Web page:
John Seddon’s mantra is, ‘understand how the work works’ and his Vanguard Method makes explicit the end to end processes, from initial inquiry to ultimate satisfaction, before going to work on improvement. His interventions, like John Tripp’s, lead to significant breakthroughs but are still not immune to the arrival of a new ‘divisional chairman’.  He remains pragmatically optimistic, counting in thousands the individuals whose thinking has been permanently transformed, even if only in tens, the organisations where transformation has remained embedded. 

Doug Allanson has been a social worker all his working life.  He introduces us to ‘narrative therapy’ which is clearly a human-oriented approach.  He also describes an important moment when an outspoken staff member coaxed him, as the manager, ‘back to the floor’.  There he was reminded, by direct experience, of ‘how the work works’ and suggests that, for transformation to be sustained, continuous exposure to high quality feedback from the front line to the decision makers must always be available.  

Where are there opportunities for synergy? 

Doug’s point about high quality feedback reminds me of an appeal we heard John Raven make for transparency.  We believe people generally want to do ‘the right thing’.  Otherwise, ‘valid data and free choice’ wouldn’t work.  When we can see clearly and without distortion we take better decisions.  So how will we discover our own distortions?  Only by generous listening and inquiry and the seeking out and consideration of diverse views. 

Thank you

Tony Miller and I would like to thank all our conversationalists for their contributions: the survey responders, correspondents, interviewees, editors and authors.  Few of our contributors were left to their own devices.  Mostly we have quarried their pieces from correspondence, interviews and other sources and moulded them to focus on our inquiry into the sustainability of change.  We appreciate their trust.  Thanks also to Bob MacKenzie for meticulous proof reading and sense-checking.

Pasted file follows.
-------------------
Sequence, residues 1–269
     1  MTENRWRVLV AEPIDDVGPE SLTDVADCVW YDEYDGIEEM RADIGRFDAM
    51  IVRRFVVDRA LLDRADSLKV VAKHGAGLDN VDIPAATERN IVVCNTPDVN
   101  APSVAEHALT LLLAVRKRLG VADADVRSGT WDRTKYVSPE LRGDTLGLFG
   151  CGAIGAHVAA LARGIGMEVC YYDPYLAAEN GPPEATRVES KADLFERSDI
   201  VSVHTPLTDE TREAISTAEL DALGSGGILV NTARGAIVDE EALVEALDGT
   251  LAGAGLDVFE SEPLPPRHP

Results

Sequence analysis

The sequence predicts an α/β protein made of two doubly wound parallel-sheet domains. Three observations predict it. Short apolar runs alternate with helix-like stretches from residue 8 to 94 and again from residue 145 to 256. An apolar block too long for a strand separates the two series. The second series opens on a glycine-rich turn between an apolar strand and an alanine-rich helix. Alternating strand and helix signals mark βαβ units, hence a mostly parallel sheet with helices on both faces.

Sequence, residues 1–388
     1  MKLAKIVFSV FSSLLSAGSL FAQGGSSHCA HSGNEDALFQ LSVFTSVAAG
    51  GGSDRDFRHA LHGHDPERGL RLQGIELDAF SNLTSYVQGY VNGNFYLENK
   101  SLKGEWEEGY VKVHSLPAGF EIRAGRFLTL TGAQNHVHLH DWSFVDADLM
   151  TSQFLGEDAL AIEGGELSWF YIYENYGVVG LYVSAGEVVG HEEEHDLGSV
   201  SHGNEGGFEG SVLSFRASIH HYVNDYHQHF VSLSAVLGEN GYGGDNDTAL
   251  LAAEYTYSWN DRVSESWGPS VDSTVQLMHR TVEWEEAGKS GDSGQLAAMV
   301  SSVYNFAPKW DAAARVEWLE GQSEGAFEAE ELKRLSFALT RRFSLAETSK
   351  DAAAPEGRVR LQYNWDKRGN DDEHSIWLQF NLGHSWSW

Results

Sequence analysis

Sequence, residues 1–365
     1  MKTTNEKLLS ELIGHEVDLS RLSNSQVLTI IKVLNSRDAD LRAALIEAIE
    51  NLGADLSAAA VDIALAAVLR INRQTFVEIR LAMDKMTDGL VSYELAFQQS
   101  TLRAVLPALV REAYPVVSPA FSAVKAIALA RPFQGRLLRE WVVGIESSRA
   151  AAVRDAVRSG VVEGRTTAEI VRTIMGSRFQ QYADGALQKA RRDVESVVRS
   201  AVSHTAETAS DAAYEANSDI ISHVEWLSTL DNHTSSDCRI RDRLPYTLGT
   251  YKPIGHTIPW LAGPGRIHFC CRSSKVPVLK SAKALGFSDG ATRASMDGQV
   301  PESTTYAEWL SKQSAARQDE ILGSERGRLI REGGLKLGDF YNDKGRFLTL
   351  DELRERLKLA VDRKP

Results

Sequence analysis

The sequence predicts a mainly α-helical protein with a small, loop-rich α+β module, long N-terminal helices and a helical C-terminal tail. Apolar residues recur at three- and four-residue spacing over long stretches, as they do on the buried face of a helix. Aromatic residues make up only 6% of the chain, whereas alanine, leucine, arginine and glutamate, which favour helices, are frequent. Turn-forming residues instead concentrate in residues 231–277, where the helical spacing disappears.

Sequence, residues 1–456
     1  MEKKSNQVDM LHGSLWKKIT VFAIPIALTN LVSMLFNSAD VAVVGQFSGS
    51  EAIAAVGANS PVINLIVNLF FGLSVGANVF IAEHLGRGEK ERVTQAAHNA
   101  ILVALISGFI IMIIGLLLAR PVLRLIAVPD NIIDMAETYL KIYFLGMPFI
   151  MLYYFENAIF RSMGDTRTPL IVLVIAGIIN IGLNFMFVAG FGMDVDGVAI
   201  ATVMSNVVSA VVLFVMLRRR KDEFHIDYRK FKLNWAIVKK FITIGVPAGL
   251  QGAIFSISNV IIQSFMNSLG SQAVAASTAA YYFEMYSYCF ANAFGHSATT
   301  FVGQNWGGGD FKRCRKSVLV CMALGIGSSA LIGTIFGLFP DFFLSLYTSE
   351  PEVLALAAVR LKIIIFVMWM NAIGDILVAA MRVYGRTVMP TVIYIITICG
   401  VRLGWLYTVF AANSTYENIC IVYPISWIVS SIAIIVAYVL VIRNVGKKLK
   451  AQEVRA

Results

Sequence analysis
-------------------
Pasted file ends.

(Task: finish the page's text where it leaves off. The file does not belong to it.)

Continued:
When we have finished, Linda Williams and Juliana Goga-Cooke go to work drawing the attention of as many readers as possible with their eye-catching digest and Ned Seabrook also helps to improve accessibility by separating out the individual articles.  Grateful thanks all of them. 

The library is a cubic container for people to study in.  Yet look at the patterns on the outside. Similar in style but all – I think – different.  There is no clear repetition.

The building is starkly geometric and yet what we see is fluid.  And the sun and the sky are reflected in the glass.

Designed by man and his desire for order, but very aware of the living world around it.

Photograph and observations on Aberdeen University’s Sir Duncan Rice Library by Tony Miller


Trist, E., 1981. The evolution of socio-technical systems: a conceptual framework and an action research program, Occasional paper /​ Ontario Quality of Working Life Centre ; no.2–files/capitulo%3Aredes-socio-tecnicas/Evolution_of_socio_technical_systems.pdf

Eric Trist in conversation with Stuart Winby

Image of Eric Trist from the Modern Times Workplace website by kind permission of Bert Painter on behalf of the Trist family

About the editors

Tony Miller Gained his degree in electrical engineering and his PhD at Aberdeen University.    He  worked  in  industry,  both  in  the  UK  and  abroad, and  subsequently returned to academia.  He retired in 2012 from Robert Gordon University.  As well as undergraduate   engineering   subjects, he   lectured   at   post-graduate level   on   the application of the philosophy of W.  Edwards Deming to safety management and the science of management.  He has been involved in the Deming Learning Network for over two decades and has published a short book on people management under the title ‘Letting Go – Breathing new life into organisations.’

David McAra spent the first 15 years of his working life in engineering.  The Engineering Industry Training Board helped him to discover a career in learning and development which suited him very much better.  He is presently in transition between work and retirement and remains a member of AMED Council and the e-O&P Editorial Board.   He is studying person-centred counselling at Aberdeen University. 

Share this article